An analysis of Facebook’s success at enforcing its content rules by the social media giant’s employees has shown how the company only removes a fraction of posts that violate its hate speech rules, The Wall Street Journal reported on Sunday, citing internal documents reviewed by it. One of the reasons behind Facebook’s inability to regulate such content on its platform is the lack of training its AI has on foreign languages, the report said, adding that in March this year, the company’s employees who were gearing up for regional elections in India observed that hate speech was a major risk in Assam, where there is growing violence against Muslims and other ethnic groups.
“Assam is of particular concern because we do not have an Assamese hate-speech classifier,” according to an internal Facebook planning document. The legislative Assembly election in Assam was held from March 27 to April 6 and saw the incumbent BJP-led National Democratic Alliance retain power.
Earlier this month, The Indian Express had reported, citing from the complaint filed with the US securities regulator by whistleblower and former Facebook employee Frances Haugen, that the company was aware of posts being published on its platform that contained misinformation or hate speech but it could not take action or flag this content because of the “lack of Hindi and Bengali classifiers”. Classifiers refer to Facebook’s hate-speech detection algorithms. According to Facebook, it added hate speech classifiers in Hindi starting in early 2020 and introduced Bengali later that year. Classifiers for violence and incitement in Hindi and Bengali first came online in early 2021.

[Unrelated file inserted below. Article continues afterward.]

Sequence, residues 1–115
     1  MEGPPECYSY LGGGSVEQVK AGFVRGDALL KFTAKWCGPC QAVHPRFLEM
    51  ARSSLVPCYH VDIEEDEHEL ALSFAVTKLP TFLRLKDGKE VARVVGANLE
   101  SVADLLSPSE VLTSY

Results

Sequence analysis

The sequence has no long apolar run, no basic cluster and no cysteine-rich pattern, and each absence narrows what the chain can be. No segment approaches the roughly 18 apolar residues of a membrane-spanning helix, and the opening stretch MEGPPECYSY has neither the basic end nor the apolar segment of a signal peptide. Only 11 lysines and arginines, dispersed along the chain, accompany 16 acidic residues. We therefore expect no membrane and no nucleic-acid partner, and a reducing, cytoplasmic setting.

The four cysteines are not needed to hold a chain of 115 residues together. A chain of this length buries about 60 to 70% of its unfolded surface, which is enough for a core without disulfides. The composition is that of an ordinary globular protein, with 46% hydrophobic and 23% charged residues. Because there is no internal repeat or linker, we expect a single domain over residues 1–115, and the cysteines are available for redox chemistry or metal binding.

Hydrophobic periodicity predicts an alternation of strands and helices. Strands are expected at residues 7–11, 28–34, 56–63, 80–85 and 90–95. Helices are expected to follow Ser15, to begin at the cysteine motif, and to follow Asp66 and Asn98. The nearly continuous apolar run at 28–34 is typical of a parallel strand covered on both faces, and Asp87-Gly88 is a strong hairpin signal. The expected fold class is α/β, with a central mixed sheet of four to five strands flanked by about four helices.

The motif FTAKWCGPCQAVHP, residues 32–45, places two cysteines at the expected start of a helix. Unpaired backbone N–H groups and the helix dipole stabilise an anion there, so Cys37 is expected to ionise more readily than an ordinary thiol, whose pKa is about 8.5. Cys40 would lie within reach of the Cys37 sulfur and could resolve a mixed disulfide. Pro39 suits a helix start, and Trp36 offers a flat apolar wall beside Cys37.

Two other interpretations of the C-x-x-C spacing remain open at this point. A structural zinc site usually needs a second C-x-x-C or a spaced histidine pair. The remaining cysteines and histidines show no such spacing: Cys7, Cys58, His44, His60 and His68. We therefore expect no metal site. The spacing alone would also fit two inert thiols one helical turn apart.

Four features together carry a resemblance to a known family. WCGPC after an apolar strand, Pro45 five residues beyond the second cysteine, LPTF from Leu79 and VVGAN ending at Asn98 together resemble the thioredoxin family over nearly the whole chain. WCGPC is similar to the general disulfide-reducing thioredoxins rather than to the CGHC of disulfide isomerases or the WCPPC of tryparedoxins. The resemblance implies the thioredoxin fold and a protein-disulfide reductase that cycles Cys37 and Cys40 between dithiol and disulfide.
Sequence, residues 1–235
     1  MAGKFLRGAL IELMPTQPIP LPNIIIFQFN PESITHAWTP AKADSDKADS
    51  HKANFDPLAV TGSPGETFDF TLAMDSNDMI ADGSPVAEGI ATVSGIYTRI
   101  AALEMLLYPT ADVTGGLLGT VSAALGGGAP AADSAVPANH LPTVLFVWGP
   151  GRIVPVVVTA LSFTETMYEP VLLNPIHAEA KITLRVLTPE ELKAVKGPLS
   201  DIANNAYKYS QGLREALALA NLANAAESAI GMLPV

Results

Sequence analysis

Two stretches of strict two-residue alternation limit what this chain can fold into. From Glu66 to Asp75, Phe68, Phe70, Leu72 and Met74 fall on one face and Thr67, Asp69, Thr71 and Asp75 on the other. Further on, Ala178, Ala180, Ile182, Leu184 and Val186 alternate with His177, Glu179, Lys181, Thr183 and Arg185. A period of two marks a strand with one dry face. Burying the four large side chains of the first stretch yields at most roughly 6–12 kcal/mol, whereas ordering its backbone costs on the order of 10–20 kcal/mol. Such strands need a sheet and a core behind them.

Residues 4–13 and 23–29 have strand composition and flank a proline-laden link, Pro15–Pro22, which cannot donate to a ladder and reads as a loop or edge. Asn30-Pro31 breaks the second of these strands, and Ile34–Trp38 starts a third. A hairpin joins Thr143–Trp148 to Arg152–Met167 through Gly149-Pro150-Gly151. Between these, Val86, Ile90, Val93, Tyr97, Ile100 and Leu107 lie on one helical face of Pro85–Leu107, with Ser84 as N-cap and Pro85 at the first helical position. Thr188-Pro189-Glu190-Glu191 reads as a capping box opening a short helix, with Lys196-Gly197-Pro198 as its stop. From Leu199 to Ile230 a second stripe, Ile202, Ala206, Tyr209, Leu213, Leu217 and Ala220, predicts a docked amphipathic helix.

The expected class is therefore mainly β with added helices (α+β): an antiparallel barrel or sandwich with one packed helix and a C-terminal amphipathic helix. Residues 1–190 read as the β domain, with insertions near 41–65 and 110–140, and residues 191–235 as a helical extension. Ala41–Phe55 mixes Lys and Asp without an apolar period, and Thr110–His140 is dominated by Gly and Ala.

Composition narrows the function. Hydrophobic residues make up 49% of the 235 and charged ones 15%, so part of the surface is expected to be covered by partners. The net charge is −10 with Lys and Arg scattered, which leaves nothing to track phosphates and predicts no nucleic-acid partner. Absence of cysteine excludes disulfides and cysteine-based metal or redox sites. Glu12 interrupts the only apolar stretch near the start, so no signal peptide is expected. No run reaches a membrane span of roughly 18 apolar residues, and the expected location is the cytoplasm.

An e-mail query sent to Facebook did not elicit a response.
The WSJ report, citing employees and internal company documents, has also pointed out examples of content that Facebook’s artificial intelligence engines should have detected but missed. It said that Facebook’s AI cannot consistently identify “first-person shooting videos, racist rants and even, in one notable episode that puzzled internal researchers for weeks, the difference between cockfighting and car crashes”.
While the report claims that Facebook only removes “a low-single-digit percent” of hate speech content, the company’s spokesperson in its response to the newspaper has said that these percentages referred to posts that were removed using AI, and didn’t include other actions the company takes to reduce how many people view hate speech, including ranking posts lower in news feeds.
For India specifically, Facebook has said earlier that its human reviewers review content in 20 Indian languages — Hindi, Bengali, Tamil, Malayalam, Punjabi, Urdu, Kannada, Marathi, Gujarati, Assamese, Telugu, Oriya, Sindhi, Mizo, Marwari, Chhattisgarhi, Tulu, Maithili/Bhojpuri, Konkani and Meitei.
“Assam is of particular concern because we do not have an Assamese hate-speech classifier,” according to an internal Facebook planning document.
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